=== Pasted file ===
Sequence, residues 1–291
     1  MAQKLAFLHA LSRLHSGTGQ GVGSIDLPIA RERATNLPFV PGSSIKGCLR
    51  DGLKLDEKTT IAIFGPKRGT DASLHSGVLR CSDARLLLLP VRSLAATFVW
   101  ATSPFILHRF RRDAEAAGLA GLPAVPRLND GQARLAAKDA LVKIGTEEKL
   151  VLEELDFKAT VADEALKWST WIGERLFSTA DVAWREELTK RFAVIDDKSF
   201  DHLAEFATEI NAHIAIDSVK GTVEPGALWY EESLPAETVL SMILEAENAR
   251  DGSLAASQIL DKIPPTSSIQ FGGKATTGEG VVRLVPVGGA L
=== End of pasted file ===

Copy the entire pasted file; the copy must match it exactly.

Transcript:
Sequence, residues 1–291
     1  MAQKLAFLHA LSRLHSGTGQ GVGSIDLPIA RERATNLPFV PGSSIKGCLR
    51  DGLKLDEKTT IAIFGPKRGT DASLHSGVLR CSDARLLLLP VRSLAATFVW
   101  ATSPFILHRF RRDAEAAGLA GLPAVPRLND GQARLAAKDA LVKIGTEEKL
   151  VLEELDFKAT VADEALKWST WIGERLFSTA DVAWREELTK RFAVIDDKSF
   201  DHLAEFATEI NAHIAIDSVK GTVEPGALWY EESLPAETVL SMILEAENAR
   251  DGSLAASQIL DKIPPTSSIQ FGGKATTGEG VVRLVPVGGA L